[0076] To capture semantic relationships between aspects of the event that exist independently of subject interactions, the system 100 can learn aspect representations based on their associated textual descriptions. For example, a corpus can be created comprising a sentence for each aspect as a concatenation of the aspect’s moniker and description. In some cases, preprocessing can be applied to remove stopwords and other irrelevant tokens. In the example experiments of the retail datasets example, described herein, an example corpus can contain 11,443 products (as the aspect) that are transacted (as the future event), which has a vocabulary size of 21,894 words. In this example, each transaction can comprise purchasing multiple products in a basket (as the compilation). In some cases, a word2vec skipgram model can be trained on this corpus; for example, using a context window size of 5 and an embedding dimensionality of 128. In some cases, each aspect representation can be defined as an arithmetic mean of the word embeddings in the aspect’s moniker and description; particularly, since sums of word vectors can produce semantically meaningful vectors.
[0077] To characterize subjects by their past patterns, the RNN module 122 can learn subject embedding representations from historical data. For example, in the retail datasets example, customers can be characterized by their purchase habits by learning customer embedding representations from the customer’s transactional data. The RNN module 122 can provide the LSTM model, as input, a sequence of events for a given subject, where each event is defined by an aspect embedding and, in some cases, a time of the event. For example, in the retail datasets example, the input can comprise a sequence of transactions for a given customer, where each transaction is defined by an item embedding and the week of purchase. The LSTM model can be trained to learn the subject’s sequential patterns via a multi-task optimization approach. In an embodiment, the output of the LSTM model is fed as inputs one or more prediction tasks that are representative of a customer to track their behaviour. In an example, the inputs could be at least one of the following three prediction tasks:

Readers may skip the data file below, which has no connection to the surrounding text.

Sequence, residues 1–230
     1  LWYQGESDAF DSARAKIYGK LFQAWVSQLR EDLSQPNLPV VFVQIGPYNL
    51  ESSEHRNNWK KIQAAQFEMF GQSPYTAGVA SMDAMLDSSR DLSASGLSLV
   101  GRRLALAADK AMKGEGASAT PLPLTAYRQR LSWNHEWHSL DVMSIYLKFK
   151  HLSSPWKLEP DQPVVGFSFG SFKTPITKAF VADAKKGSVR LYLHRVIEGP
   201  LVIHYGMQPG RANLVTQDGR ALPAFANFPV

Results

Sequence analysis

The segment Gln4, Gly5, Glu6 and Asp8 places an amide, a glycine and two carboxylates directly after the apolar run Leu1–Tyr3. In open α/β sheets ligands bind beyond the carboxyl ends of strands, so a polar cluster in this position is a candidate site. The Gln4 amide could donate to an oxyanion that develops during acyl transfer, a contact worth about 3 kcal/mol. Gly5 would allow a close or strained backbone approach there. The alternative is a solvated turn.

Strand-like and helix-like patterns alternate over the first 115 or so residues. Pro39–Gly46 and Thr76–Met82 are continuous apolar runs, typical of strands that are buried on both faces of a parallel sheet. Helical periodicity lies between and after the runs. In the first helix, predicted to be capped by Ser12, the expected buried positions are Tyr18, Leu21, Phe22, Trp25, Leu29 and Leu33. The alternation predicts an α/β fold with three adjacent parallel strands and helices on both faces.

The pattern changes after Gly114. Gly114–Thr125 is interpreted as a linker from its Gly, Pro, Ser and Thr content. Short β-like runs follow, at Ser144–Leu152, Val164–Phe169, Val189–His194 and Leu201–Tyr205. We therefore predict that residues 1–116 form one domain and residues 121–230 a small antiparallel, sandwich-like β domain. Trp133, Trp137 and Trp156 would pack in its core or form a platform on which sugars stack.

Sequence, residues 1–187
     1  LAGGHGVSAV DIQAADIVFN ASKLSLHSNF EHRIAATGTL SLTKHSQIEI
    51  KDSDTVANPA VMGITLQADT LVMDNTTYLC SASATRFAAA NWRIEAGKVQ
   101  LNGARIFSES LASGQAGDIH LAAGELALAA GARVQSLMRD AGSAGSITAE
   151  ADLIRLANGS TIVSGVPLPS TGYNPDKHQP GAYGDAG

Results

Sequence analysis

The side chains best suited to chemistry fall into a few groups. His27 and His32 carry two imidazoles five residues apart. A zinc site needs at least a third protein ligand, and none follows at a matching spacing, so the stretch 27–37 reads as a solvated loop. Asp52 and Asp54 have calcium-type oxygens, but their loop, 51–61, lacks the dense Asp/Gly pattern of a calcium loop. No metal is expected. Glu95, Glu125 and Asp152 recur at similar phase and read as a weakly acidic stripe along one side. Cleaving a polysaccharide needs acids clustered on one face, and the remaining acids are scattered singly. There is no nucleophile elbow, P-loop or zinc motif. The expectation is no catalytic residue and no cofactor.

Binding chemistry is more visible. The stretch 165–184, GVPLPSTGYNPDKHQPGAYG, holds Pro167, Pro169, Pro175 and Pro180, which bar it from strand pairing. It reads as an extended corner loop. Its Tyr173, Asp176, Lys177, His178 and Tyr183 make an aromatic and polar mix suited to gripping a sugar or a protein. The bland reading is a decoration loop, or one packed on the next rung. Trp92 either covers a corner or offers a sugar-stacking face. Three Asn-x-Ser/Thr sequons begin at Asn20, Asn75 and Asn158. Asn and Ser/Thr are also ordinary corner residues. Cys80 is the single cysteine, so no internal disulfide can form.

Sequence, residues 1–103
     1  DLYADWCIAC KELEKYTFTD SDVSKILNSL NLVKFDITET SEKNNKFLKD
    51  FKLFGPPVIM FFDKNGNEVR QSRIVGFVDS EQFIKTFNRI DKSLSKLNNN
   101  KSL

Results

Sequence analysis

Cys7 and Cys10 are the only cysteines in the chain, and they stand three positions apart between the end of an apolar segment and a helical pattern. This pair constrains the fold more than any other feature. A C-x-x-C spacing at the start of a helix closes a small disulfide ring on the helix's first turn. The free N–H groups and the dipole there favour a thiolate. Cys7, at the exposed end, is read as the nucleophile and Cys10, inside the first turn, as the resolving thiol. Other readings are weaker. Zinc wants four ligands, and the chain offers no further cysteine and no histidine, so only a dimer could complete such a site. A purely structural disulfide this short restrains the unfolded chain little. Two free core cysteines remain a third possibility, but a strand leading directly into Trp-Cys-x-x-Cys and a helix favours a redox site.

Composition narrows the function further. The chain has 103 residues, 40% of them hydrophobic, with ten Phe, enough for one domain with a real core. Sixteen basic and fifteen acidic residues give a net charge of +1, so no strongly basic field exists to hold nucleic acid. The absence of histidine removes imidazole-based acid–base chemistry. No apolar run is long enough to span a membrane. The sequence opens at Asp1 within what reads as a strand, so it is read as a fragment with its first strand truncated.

1 ) Predicting whether an aspect is a last aspect to be predicted in a compilation of aspects by performing binary classification on each item;
2) Predicting a grouping or category of the next aspect, where the grouping or category associates two or more aspects together (in the retail datasets example, predicting a product category for the next product that will be purchased); and